Protagoras was a Greek sophist (a class of men in ancient Athens who taught philosophy, dialect, rhetoric etc. for money) who lived in the fifth century B.C.
It is said that Protagoras once agreed with one of his pupils that he could delay payment for his tuition until he had won his first case.
The agreement seemed sound, until the student was sufficiently qualified to start offering his services professionally. He hung a sign outside his office, but no business came his way.
Frustrated, Protagoras decided to sue his former pupil.
Can you see the paradox that subsequently arose?
Protagoras reasoned that he was on to a "sure thing". He reasoned that either he would win the case, in which case his pupil would be required by the courts to pay for his tuition, or he would lose, in which case his former pupil would have won his first case and would therefore be required to pay for his tuition under the terms of their original agrreement.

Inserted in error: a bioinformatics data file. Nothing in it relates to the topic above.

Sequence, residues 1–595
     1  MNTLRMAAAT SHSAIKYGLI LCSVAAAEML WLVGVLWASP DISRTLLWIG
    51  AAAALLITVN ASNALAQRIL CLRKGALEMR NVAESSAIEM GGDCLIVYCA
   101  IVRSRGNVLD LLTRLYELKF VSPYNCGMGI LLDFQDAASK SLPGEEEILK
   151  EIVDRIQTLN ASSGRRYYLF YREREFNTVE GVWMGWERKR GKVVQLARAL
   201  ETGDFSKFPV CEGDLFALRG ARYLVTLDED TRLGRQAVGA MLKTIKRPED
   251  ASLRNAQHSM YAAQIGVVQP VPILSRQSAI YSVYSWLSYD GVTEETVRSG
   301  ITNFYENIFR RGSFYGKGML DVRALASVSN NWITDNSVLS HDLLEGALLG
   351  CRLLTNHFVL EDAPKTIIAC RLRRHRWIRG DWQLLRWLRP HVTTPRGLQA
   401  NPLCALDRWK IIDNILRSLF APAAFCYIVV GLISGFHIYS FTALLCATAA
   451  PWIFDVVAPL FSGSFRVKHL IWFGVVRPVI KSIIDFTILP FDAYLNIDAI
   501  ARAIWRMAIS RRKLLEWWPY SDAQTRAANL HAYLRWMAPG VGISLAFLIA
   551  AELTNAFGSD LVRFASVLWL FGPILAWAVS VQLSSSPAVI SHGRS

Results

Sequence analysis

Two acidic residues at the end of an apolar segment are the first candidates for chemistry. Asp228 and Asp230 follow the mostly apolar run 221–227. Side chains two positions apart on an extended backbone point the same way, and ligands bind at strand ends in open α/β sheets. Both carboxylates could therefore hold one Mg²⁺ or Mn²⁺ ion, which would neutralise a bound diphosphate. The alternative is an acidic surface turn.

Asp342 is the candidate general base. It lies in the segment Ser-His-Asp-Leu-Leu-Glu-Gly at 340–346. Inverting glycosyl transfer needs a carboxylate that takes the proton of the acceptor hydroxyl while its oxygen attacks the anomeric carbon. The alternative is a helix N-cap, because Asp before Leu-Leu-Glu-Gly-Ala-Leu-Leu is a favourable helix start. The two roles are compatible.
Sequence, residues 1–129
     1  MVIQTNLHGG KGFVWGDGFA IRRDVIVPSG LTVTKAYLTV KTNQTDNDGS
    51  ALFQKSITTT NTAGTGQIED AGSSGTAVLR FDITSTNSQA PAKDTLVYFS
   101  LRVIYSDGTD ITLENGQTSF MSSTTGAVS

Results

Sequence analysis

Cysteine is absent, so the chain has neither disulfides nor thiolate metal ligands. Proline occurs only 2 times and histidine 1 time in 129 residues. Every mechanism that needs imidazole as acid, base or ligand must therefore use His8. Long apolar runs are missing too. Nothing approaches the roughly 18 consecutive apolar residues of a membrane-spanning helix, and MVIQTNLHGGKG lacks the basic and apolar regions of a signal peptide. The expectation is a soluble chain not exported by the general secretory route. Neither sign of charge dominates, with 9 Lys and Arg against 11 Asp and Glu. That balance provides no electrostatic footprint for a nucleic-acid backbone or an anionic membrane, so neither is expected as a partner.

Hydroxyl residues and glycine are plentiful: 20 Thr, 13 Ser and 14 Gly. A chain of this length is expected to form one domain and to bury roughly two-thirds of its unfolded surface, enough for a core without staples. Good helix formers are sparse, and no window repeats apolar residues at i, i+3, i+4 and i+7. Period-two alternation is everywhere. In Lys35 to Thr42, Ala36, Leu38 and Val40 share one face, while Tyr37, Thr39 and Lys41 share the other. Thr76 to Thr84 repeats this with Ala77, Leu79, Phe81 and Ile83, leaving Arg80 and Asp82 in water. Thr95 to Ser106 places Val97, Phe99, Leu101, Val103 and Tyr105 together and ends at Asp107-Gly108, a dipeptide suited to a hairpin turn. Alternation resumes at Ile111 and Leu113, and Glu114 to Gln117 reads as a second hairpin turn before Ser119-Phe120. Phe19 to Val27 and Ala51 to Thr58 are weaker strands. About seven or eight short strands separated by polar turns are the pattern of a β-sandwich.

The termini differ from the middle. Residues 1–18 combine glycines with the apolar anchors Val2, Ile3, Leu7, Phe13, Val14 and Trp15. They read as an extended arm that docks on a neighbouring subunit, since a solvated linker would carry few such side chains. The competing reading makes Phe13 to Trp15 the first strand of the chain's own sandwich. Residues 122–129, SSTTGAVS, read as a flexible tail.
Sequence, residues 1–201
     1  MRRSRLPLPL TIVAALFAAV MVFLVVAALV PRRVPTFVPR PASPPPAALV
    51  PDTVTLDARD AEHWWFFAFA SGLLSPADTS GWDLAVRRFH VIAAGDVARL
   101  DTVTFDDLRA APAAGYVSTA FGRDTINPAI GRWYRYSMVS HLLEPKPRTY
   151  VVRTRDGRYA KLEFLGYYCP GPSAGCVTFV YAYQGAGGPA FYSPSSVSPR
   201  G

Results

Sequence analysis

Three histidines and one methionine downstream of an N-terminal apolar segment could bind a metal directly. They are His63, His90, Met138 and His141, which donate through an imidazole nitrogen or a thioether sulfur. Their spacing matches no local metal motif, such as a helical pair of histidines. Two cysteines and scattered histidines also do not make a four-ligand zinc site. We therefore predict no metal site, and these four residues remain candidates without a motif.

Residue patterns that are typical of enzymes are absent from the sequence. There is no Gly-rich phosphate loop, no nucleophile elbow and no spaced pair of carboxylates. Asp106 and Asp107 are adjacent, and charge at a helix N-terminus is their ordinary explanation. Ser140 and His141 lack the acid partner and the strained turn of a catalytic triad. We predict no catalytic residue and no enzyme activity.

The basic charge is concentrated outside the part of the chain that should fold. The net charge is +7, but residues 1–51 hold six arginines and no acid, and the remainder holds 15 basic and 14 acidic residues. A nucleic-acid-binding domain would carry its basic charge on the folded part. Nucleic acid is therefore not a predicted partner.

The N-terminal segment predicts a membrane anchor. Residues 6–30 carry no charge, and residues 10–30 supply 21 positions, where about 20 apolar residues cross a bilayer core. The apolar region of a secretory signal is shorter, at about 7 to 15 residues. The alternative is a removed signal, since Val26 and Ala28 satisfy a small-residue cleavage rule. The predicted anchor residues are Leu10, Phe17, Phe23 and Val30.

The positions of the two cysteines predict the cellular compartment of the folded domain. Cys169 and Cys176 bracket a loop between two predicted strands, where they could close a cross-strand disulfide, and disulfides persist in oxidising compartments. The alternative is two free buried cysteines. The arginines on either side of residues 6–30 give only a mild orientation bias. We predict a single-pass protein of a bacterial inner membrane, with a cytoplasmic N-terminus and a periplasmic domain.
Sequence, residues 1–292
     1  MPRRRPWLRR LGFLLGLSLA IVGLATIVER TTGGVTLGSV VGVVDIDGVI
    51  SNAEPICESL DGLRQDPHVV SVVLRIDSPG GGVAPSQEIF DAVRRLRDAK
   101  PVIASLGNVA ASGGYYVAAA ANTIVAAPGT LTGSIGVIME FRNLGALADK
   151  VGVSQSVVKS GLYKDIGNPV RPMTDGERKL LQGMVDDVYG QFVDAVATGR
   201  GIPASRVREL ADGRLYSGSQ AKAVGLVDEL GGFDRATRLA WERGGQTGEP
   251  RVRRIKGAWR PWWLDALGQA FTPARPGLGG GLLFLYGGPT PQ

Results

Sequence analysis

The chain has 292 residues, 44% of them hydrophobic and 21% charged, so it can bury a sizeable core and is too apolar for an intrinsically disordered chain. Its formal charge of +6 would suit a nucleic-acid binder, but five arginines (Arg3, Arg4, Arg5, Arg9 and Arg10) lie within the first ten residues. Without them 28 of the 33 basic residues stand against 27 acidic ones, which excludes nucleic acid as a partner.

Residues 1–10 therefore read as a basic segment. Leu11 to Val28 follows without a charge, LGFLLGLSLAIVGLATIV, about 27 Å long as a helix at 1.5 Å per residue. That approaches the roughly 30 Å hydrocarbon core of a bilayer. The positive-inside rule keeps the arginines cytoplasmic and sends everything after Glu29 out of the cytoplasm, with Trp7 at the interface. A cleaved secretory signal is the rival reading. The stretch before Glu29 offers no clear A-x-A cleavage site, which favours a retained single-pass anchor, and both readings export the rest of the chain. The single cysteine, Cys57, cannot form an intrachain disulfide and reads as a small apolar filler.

His former pupil disagreed. He reasoned that either he (the former pupil) would lose that case, in which case he would still never have won a case and would therefore not be required to pay under the terms of their original agreement, or he would win the case and the court would rule that he did not have to pay.
Who was right?